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Great War truck

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Great War truck last won the day on August 30

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About Great War truck

  • Birthday January 1

Personal Information

  • Location
    Oxfordshire mostly
  • Interests
    WW1 mechanical transport. Also modern vehicles this being anything made from 1919 to 1945.
  • Occupation
    Civil servant - real job. Writer - fun job.

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  1. Thanks for adding that Guy. The Allison Jeep previously sold for £25K so he took a bit of a hit on that.
  2. I had a bit of spare time so i cleaned up the valve caps and put a first coat of red on one of the blocks.
  3. Thanks Richard. I agree entirely. I am only stating what the auction blurb states: Still fitted with its original body tub and many period features Extremely rare and unique example having been reconditioned by the Allison Steel Manufacturing Co of Phoenix, Arizona in July 1945 using a more advanced engine, gearbox and front suspension and still showing its associated dating plate Recently serviced and fettled using parts supplied by Dallas Autos of Thatcham The appeal of this Jeep to Simon was simple. It was more original than many we have offered for sale but also better to drive. While this might sound like a contradiction in terms it is explained by the fact that the Ford was reconditioned by the Allison Steel Manufacturing Company of Phoenix, Arizona in July 1945. The original 1943 GPW body tub was retained but the drivetrain was updated with a developmental prototype ‘fibre drive’ engine and more advanced T.90 gearbox. The front suspension was uprated too to eradicate the infamous ‘Jeep Droop’ on the driver’s side. The original untouched data plates verify the modifications and show that Ford / Willys kept trying to enhance the Jeep right up until the final few months of WW2. ‘NXS 976’ has been inspected by John Farley, the well-known author of ‘The Standardised War-Time Jeeps’, who commented as follows: ‘It is very hard to find an untouched rebuild – allowing us to study the modifications and changes made in period . . . Still, with its very original 1943 GPW tub, combat wheels, original seats, Sheller steering wheel, screen, hood, and wings, this Ford has two freewheeling hubs fitted to the front axle to ease fuel consumption. Offered with its original rear tyre carrier, 1943 Jerry Can, original hood bows, genuine rear seat, grill bumpers and handles, shovel and axe, original seat covers, combat rim and bar grip tyres’. I suspect that the previous owner had not seen another Allison and might be drawing some conclusions? Ask a Question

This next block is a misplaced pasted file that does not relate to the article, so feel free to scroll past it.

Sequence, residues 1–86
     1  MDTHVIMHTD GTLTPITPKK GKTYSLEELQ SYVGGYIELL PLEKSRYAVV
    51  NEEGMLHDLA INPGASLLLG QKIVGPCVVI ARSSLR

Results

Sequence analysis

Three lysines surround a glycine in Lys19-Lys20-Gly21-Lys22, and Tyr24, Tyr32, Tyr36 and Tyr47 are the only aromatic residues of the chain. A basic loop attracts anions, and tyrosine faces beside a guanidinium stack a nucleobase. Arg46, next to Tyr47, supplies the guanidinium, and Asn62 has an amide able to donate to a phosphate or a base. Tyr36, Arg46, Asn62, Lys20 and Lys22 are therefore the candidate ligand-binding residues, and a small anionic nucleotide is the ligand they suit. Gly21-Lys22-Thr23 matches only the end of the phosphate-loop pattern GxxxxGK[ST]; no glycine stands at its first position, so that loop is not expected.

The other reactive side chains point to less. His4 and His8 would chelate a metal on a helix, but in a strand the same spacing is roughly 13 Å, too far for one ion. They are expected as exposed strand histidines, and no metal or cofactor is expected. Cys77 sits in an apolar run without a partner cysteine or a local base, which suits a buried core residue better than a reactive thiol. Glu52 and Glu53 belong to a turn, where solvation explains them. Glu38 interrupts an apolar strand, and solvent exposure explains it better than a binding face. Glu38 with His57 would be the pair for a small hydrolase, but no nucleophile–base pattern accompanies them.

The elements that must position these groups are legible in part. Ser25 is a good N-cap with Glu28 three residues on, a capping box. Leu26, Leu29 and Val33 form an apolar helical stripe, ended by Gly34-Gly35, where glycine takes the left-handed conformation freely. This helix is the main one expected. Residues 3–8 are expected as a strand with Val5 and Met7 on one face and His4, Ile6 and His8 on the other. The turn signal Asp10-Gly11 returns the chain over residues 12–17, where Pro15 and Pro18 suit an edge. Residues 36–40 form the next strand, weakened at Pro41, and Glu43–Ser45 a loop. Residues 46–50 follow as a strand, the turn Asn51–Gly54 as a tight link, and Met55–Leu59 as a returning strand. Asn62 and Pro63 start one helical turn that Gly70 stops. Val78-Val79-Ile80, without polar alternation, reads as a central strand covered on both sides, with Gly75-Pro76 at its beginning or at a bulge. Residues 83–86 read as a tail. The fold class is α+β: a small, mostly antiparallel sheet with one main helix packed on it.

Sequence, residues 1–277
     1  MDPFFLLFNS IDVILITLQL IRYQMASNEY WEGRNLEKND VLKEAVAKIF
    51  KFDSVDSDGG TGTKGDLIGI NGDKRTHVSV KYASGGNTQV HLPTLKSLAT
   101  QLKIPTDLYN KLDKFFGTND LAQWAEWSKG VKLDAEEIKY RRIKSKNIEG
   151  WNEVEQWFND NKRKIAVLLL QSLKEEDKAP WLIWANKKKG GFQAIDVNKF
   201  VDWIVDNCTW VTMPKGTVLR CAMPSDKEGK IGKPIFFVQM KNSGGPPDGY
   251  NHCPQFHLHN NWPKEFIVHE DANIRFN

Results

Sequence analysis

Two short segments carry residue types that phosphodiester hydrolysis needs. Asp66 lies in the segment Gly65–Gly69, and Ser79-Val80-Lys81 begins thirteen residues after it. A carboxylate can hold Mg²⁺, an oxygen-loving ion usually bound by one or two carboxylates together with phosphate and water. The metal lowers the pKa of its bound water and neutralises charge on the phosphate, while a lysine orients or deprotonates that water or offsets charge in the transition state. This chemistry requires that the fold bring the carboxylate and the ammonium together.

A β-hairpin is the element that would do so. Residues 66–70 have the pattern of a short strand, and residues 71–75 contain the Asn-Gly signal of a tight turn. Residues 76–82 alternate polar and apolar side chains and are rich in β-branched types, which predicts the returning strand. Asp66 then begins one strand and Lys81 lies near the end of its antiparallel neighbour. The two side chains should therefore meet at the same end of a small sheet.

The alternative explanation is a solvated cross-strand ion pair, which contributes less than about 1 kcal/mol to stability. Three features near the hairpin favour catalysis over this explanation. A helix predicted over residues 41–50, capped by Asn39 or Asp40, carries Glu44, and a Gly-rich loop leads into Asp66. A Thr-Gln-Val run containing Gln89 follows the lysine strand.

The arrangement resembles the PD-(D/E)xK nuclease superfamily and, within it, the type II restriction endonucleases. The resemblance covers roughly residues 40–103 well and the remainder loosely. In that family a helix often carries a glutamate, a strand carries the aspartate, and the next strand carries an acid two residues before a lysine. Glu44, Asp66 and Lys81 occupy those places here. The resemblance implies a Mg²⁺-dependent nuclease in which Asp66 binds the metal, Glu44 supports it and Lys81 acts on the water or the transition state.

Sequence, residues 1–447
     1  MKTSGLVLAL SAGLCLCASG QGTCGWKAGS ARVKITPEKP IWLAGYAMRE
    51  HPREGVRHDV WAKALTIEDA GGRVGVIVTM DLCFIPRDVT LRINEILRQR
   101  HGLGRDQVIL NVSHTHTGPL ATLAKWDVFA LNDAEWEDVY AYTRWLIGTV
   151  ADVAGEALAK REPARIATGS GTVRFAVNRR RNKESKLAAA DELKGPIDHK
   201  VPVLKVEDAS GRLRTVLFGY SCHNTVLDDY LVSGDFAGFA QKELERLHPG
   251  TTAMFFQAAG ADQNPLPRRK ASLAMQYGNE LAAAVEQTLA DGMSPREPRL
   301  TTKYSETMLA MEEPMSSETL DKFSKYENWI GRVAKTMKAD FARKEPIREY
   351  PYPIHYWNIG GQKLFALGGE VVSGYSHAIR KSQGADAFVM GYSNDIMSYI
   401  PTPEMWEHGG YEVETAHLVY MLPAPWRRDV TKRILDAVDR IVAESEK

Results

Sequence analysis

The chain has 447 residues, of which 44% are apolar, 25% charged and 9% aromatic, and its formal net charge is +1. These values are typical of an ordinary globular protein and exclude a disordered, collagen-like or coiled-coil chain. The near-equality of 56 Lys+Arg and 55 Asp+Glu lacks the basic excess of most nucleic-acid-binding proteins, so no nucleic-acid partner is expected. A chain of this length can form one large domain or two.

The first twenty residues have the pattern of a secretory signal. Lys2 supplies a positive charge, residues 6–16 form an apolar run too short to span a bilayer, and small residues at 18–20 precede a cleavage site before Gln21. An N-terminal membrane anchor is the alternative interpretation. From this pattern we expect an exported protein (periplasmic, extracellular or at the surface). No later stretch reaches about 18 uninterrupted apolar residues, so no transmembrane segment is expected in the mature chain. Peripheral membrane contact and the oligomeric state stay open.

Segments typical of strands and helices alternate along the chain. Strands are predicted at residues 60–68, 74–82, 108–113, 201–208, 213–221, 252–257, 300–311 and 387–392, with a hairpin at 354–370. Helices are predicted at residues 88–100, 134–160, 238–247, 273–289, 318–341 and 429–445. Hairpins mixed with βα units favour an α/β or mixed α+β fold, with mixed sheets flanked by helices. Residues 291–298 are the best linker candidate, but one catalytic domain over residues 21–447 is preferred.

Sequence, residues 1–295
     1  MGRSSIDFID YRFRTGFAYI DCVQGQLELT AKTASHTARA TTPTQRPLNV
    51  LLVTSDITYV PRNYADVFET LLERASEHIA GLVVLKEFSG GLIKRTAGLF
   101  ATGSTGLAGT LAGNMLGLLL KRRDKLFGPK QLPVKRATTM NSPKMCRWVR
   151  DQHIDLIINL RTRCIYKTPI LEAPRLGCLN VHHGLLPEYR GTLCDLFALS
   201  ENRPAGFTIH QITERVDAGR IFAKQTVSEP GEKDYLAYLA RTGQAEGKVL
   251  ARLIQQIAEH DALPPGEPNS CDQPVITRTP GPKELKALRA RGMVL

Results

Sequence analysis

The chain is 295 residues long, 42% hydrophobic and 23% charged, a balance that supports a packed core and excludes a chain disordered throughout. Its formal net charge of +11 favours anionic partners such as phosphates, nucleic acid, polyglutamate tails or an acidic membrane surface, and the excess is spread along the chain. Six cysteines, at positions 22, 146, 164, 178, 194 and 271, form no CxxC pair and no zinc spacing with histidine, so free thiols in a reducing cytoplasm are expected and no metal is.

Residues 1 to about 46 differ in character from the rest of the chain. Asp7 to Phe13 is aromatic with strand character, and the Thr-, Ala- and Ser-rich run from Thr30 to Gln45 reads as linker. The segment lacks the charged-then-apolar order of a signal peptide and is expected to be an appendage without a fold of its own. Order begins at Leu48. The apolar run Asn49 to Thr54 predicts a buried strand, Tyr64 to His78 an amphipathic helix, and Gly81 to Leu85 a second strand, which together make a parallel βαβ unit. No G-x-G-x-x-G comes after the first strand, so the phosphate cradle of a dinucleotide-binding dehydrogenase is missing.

4. Right, i am really confused now. I dont know much about Jeeps so need some help here. This unrestored rebuilt Allison Ford has a T90 gearbox which was normally fitted into CJ2a, yet the Allison i was looking at which was rebuilt in the same Month has a T84. Production of the CJ2a started 17 July 1945. Is it possible that Allison could get hold of a T90 to put into a rebuilt GPW when CJ2a's were being built with a number of left over parts from the MB and GPW. Some comparison photos. Any thoughts please anybody?
  5. I have deleted this post as it might create offence::
  6. I was very interested to see the extremely rare and unique 1943 Ford reconditioned by Allison steel as strangely enough i was only looking at another one a few days ago. what are the chances of that?
  7. Gas detector. It is painted with gas detection paint and changes colour. Located so the driver can see it.
  8. That is a super sounding Pierce Arrow. Another survivor i did not know about.
  9. Steve fitted the second of three gas generators to the Thornycroft. The platform which holds it has required something on it to stop people using it as a footstep. After fitting he took the bolts off again for some adjustment, so not a permanent fit yet. It does look nice though. Thanks again to the forum member Peter for putting me in touch with the previous owner.
  10. Radiator castings undercoated and trial assembled. All OK - all we need now is the new Core!
  11. Yesterday's demolition of the Radiator revealed that the two side frames were different from each other - one was of iron and other was ali. The iron one was sound but the ali one was cracked and broken and will have to be replaced. A visit to the Spares Department today yielded the remains of another Radiator - the top tank had already been removed from that one but the two side frames were still there and were iron ones. These have been taken off today - one is completely sound whilst the other is slightly cracked - but not beyond repair. So with the sound one that we already have in hand and with the sound one now revealed, we have a complete set of original iron Radiator castings - very pleasing - all we have to do now is construct a new core, These latest two must now go for sand blasting.
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